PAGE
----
Christmas with the Super-Heroes #1 (1988)

Christmas with the Super-Heroes #1 (1988)
“Wanted: Santa Claus – Dead or Alive!”
“The Man Who Murdered Santa Claus!”
“The TT’s Swingin’ Christmas Carol!”
“Star Light, Star Bright… Farthest Star I See Tonight!”
“Twas the Fright Before Christmas!”
“The Silent Night of the Batman”
Writers – Denny O’Neil, Len Wein, Bob Haney, Paul Levitz, E. Nelson Bridwell & Mike Friedrich
Pencillers – Frank Miller, Dick Dillon, Nick Cardy, Jose Luis Garcia-Lopez, Curt Swan & Neal Adams
Inkers – Steve Mitchell, Dick Giordano & Murphy Anderson
Letterers – Ben Oda
Colorists – Glenn Whitmore, Helen Vesik & Jerry Serpe
Editors – Len Wein, Julius Schwartz
Cover Price: $2.95

Welcome to not only the Ninth Day of Christmas on Infinite Earths… but the Holiday Edition of SuperBlog TeamUp!  I fear I may have lost my mind claiming that I would marathon the entire… eight-thousand or so pages of Christmas with the Super-Heroes, and I guess we’re about to find out!

For folks who are used to the way I “write”, this will be mostly business as usual.  For newcomers, what I usually do is first stumble through an introduction, then synopsize a particular issue… followed by hopefully a thorough analysis/discussion of the story/stories.  We then close up with letters pages and some “interesting” ads to get us right into the gestalt of the issue we’re looking at.  I hope everyone enjoys visiting as much as I enjoy revisiting some of my favorite and not-so-favorite stories.

Anyhoo… after my usual nonsense, there will be a listing of all the great participants of Super-Blog Team-Up for you to check out and enjoy!  Merry Christmas and Happy Holidays to all… and to all a good… read!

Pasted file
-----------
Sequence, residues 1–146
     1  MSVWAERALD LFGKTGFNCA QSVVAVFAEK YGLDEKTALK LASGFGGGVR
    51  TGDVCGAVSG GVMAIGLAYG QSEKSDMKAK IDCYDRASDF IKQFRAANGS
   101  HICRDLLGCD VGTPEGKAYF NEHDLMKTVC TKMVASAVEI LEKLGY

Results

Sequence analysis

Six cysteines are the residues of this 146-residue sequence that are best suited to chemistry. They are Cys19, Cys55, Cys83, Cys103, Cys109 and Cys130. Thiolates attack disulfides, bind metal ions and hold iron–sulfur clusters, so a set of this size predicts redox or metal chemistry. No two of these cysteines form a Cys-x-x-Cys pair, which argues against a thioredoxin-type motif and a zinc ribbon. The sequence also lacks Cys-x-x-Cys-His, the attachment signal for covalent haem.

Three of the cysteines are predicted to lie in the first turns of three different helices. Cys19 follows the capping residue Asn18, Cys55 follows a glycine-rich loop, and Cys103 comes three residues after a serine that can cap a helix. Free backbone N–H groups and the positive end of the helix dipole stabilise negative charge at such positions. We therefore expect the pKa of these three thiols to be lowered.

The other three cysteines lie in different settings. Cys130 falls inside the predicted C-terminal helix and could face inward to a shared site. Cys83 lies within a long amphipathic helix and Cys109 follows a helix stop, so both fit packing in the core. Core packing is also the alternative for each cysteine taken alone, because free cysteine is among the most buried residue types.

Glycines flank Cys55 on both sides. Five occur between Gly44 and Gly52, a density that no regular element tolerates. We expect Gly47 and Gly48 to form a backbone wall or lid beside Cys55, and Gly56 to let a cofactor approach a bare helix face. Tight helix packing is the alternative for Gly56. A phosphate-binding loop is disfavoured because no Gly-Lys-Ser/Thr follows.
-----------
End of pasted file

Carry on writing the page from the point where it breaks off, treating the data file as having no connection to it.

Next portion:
Wanted: Santa Claus – Dead or Alive!
From: DC Special Series #21 (1979)

It’s… Christmas Eve (get used to me saying that!), and Batman is scoping out a Nativity scene that is without it’s star.  Several blocks away, we’ve got baddie Matty Lasko living the high life.  Shortly, Batman comes to crash the party.  He takes Matty’s men down without breaking a sweat… and even does his Superman impression, letting Lasko punch him in the gut as hard as he can.  Awesome.  A busted-handed Matty guides Batman to his point man, Boomer Katz.

Batman decides to disguise himself and head down to Crime Alley to see if he can’t find out the whereabouts of ol’ Boomer.  The soup kitchen he checks out luckily has quite the case of “loose lips”.  We learn that Boomer is playing Santa Claus at Lee’s Department Store.  Before heading out, Batman hands a random woman $1,000.  Whatta guy.

We shift to Lee’s and see Boomer Claus being escorted out of the building on his last day as Santa.  We see that he was a pretty great department store Santa… in fact, the best Lee’s has ever had!  The manager thanks him for his hard work, and Boomer begins to cry.  Outside, he runs into a skeezy individual, and we come to find that he had only taken the job to disable the store’s alarm system!

It seems as though Boomer had a change of heart.  He doesn’t want to rob the joint… unfortunately for him, he doesn’t have much of a choice at this point.  The skeeze uses Boomer to get on the inside to do some robbin’.  Boomer smashes him over the head with a box of ornaments, but gets shot for his troubles.

Boomer crawls out of the scene just as Batman arrives.  Batman grabs a miniature Christmas tree and hurls it at the baddie.  Such an awesome, fluid scene.

Batman goes to look for Boomer when suddenly the missing star from the Nativity scene appears and shines the way.  Once Batman finds Boomer, the star vanishes once more.

The Man Who Murdered Santa Claus!
From: Justice League of America #110 (March-April, 1974)

Batman and Superman are meeting up at a local Santa’s apartment.  Tonight… might be Christmas Eve… I guess.  Yeah, it probably is… anyhoo, tonight this Santa will be entertaining some orphans… unfortunately, as he’s adjusting his outfit… the apartment explodes!  Batman and Superman find his fallen body next to a Key and a note threatening a neighborhood.  Hmm…